Lunch Break Read: 10 Years After Katrina, School Choice Thrives in Louisiana
It has been 10 years since the tragedy of Hurricane Katrina. The success of school choice in Louisiana is a glimmer of hope amidst what has been an incredible struggle to recovery for New Orleans families. Jason Russell makes the case in the Washington Examiner today on why it shouldn’t take a natural disaster for every state to adopt school choice.
About a decade ago, Louisiana officials decided to take over all but a few of New Orleans public schools in the wake of Hurricane Katrina. From the start, then-Gov. Kathleen Blanco, a Democrat, was determined to turn the city into an all-choice school district. Blanco wanted open enrollment across the system, without neighborhood zones, and for government funding to follow students to their school of choice.
From an academic standpoint, the takeover was clearly justified. Two out of every three students attended a failing school. Students struggled to meet college readiness benchmarks on the ACT.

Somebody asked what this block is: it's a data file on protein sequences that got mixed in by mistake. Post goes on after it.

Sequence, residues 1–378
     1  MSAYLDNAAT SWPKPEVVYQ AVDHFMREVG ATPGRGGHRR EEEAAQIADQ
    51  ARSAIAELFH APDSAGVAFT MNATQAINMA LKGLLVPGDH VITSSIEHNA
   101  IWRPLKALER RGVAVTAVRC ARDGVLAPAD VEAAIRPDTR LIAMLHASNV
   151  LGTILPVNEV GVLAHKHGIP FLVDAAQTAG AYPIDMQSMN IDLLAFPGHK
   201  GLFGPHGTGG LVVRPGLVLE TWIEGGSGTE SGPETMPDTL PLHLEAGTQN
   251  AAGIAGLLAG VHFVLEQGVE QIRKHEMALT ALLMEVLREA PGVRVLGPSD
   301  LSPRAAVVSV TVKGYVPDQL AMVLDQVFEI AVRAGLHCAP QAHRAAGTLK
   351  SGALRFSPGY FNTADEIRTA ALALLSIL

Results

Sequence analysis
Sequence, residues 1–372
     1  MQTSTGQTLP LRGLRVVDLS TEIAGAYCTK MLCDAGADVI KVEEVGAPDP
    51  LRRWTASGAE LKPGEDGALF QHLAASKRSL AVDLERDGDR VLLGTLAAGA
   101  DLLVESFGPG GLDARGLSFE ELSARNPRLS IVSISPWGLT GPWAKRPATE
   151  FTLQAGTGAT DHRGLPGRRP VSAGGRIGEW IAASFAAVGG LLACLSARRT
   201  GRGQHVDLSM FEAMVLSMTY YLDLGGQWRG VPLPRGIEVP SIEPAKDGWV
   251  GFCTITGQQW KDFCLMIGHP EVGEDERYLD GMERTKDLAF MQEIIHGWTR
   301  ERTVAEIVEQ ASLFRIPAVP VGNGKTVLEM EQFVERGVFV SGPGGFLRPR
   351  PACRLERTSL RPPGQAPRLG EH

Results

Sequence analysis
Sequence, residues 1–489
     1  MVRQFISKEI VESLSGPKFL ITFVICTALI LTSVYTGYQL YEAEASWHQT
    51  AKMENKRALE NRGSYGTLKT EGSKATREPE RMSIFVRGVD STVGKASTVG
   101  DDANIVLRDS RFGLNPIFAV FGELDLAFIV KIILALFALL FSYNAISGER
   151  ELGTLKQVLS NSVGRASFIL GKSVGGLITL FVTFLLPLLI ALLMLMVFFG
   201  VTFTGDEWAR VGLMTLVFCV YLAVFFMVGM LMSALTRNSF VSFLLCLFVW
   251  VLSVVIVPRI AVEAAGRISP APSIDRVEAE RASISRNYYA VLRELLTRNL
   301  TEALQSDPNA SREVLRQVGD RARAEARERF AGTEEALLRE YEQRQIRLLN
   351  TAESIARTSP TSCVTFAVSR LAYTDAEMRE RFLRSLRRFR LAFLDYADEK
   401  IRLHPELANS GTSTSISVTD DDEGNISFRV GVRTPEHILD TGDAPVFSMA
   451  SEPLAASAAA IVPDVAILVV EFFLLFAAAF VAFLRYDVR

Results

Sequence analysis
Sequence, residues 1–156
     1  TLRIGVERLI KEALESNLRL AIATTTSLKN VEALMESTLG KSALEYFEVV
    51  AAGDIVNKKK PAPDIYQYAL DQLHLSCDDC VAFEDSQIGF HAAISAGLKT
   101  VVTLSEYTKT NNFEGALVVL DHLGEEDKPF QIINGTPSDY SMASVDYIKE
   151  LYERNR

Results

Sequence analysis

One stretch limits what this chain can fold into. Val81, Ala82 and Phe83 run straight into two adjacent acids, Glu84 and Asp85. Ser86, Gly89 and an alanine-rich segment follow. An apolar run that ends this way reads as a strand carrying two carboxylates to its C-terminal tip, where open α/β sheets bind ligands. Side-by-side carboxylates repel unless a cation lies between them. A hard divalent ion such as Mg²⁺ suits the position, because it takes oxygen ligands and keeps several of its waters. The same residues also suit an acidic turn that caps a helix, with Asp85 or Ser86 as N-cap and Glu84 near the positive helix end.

Today, every family has a say in where their child goes to school. Nine out of 10 public school students have chosen a charter school. Students are noticeably outperforming the pre-hurricane results. Only 7 percent of students attend a failing school. Three out of four students graduate, which is right in line with Louisiana’s statewide rate. ACT results are much closer to the state average.
All of that progress is thanks to school choice, says Center for Education Reform President Kara Kerwin. “Without that environment, without a real change in the governance structure which allowed really great people to come in and think about schools differently, without giving parents the ability to make choices, you wouldn’t see those results,” Kerwin told the Washington Examiner. “It would have gone back to the very same thing.”
Read the rest at the Washington Examiner here.